Tuesday, August 2, 2022

Travis W. Proctor's "Demonic Bodies and the Dark Ecologies of Early Christian Culture"

Travis W. Proctor is Assistant Professor of Religion at Wittenberg University. His research has appeared in academic journals such as the Journal of Early Christian Studies, Harvard Theological Review, and Journal of Ecclesiastical History, as well as public venues including Religion Dispatches, The Bart Ehrman Blog, and the “Tell Me Something I Don't Know” podcast. His work has garnered numerous awards, including from the Society of Biblical Literature and the Research Center for International and Interdisciplinary Theology at Heidelberg University.

Proctor applied the “Page 99 Test” to his new book, Demonic Bodies and the Dark Ecologies of Early Christian Culture, and reported the following:
Page 99 of my book analyzes the role of demons and ancient gender stereotypes in the early Christian writer Justin Martyr’s scathing critique of the rulers of the Roman Empire of his day (i.e., the Antonine Dynasty). I note that Justin, who wrote a “defense” of Christianity in the 2nd century CE, argues that the rulers are not the wise paragons of manly virtue that they portray themselves to be in their imperial propaganda, but the unwitting dupes of demons, the hidden evil forces that lurked in the ancient Christian cosmos. These demons, Justin argues, have tricked the Roman emperors into worshipping the wrong gods and into unjustly persecuting Christians.

This has significance, I argue, for Justin’s gendered portrayal of the emperors: he subverts their claims to idealized masculinity by portraying them as passive, weak, and foolish. Justin accomplishes this portrayal by associating the emperors with demons, which Justin depicts elsewhere as the epitome of irrationality and foolishness. Thus, Justin shapes the portrayal of his human opponents in and through a concomitant portrayal of nonhuman (demonic) entities.

“Justin’s criticisms of the Roman emperors,” I conclude, “emerge as part of his broader construction of an interconnected ecology of cosmic bodies, including those of God, humans, demons, and even plants and animals.”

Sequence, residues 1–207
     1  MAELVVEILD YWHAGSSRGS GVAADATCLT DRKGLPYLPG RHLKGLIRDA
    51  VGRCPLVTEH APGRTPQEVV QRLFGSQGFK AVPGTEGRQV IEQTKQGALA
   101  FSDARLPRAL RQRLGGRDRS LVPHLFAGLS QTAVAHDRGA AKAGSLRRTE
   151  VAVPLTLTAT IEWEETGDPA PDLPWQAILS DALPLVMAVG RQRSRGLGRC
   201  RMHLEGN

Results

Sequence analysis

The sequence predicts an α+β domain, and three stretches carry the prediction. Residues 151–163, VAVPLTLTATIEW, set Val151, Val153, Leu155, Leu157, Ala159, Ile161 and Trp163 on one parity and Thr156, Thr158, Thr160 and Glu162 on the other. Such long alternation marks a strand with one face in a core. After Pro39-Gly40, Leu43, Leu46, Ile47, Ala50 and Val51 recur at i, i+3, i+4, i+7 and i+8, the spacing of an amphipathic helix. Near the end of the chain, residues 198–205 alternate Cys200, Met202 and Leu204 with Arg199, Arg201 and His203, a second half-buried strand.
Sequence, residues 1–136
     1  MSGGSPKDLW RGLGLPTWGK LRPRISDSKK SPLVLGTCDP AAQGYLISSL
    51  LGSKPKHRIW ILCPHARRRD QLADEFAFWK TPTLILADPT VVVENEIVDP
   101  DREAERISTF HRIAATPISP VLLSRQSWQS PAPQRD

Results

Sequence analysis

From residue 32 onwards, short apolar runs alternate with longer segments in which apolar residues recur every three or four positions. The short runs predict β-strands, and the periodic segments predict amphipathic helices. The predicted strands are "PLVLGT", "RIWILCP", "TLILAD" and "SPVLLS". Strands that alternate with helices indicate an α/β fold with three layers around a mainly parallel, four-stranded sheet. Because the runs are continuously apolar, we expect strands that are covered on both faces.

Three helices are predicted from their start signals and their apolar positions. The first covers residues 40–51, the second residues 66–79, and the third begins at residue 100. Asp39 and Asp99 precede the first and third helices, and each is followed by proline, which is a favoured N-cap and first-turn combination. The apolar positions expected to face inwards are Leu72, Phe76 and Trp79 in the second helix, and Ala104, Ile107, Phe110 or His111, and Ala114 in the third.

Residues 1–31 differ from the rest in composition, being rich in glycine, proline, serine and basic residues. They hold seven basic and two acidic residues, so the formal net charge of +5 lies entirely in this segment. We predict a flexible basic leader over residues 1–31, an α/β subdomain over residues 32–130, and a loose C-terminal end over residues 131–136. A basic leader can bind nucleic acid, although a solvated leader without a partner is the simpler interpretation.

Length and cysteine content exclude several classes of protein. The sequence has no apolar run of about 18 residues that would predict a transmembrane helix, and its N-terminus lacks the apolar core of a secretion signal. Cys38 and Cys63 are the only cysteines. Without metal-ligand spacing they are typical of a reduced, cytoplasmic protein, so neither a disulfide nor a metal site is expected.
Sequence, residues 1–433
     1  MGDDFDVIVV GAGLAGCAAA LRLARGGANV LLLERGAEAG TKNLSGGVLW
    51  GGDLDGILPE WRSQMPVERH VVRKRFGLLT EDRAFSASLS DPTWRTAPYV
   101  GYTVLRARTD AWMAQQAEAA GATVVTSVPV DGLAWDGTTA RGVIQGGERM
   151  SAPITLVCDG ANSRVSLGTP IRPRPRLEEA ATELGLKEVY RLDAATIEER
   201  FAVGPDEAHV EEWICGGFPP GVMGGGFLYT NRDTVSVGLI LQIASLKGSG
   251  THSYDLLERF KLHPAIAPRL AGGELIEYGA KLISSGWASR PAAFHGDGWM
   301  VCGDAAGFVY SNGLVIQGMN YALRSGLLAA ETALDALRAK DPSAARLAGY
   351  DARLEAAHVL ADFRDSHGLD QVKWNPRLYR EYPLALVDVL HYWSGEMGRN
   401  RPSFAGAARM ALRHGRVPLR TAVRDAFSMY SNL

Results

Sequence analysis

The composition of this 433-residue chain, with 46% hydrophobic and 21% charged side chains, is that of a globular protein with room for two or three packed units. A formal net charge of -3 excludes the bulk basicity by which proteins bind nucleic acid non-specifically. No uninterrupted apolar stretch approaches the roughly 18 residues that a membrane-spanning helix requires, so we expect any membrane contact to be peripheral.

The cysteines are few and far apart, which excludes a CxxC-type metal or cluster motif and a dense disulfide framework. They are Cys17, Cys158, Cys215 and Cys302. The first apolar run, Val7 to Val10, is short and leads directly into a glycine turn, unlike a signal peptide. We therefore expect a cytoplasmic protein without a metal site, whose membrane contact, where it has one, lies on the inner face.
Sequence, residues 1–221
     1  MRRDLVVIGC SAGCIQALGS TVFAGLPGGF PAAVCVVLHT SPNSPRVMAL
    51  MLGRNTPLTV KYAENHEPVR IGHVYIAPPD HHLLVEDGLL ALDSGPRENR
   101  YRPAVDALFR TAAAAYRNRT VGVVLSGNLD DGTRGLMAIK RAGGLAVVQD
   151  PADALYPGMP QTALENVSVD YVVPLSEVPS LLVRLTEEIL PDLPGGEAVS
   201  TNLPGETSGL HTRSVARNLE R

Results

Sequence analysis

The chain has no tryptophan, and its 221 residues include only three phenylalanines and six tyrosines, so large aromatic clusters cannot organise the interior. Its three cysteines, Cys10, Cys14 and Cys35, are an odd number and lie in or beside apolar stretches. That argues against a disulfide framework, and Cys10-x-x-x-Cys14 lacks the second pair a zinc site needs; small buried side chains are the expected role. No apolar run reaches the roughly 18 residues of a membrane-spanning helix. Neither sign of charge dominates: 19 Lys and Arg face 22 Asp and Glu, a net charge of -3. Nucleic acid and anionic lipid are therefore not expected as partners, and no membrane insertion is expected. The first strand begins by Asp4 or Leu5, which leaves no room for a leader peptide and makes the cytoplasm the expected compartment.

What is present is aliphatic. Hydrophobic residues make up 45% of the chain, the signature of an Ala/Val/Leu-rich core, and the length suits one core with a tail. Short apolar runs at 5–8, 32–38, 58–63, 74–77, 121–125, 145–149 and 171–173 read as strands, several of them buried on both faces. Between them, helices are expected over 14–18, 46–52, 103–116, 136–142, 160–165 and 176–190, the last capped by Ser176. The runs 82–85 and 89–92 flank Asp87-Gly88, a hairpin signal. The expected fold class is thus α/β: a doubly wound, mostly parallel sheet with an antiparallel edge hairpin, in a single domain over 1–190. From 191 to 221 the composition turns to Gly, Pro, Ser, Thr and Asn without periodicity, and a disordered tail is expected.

The Page 99 Test works remarkably well for my book. While the details of most of the page are distinctive to this chapter – i.e., the detailed discussion of Justin Martyr and his ire at the Roman elite – the analysis and concluding summary encapsulate nicely the overarching argument of the book. By reading this page, the reader would get a good sense of my book’s general method and argument.

Demonic Bodies and the Dark Ecologies of Early Christian Culture uses case studies on New Testament gospels, early Christian apologists, and other early Christian writings to analyze how ancient Christians constructed particular bodily attributes or behaviors (e.g., sexual immorality, gluttony, non-Christian religious practice) as “demonic” in order to demarcate the proper nature and performance of Christian corporeality. The Gospel of Mark, for example, constructs demons as debilitated bodiless entities that desire to inhabit the idealized flesh-and-spirit bodies of humans, a plight which can only be remedied by the exorcistic performances of Jesus of Nazareth and his followers (Chapter One). Clement of Alexandria, on the other hand, argues that demons are animalistic and gluttonous creatures, and thus insists that Christians take up ascetic lifestyles to avoid such demonic habits (Chapter Four). Christians fashioned the contours of the human body, then, within and among other cosmic forces, a point important not only for Christian conceptions of embodiment, but for the materialization of the Christian body through ritual practice (e.g., exorcism, dietary regimes). In this way, Demonic Bodies stresses how the Christian body materialized as part of broader human-nonhuman ecologies.
Learn more about Demonic Bodies and the Dark Ecologies of Early Christian Culture at the Oxford University Press website.

--Marshal Zeringue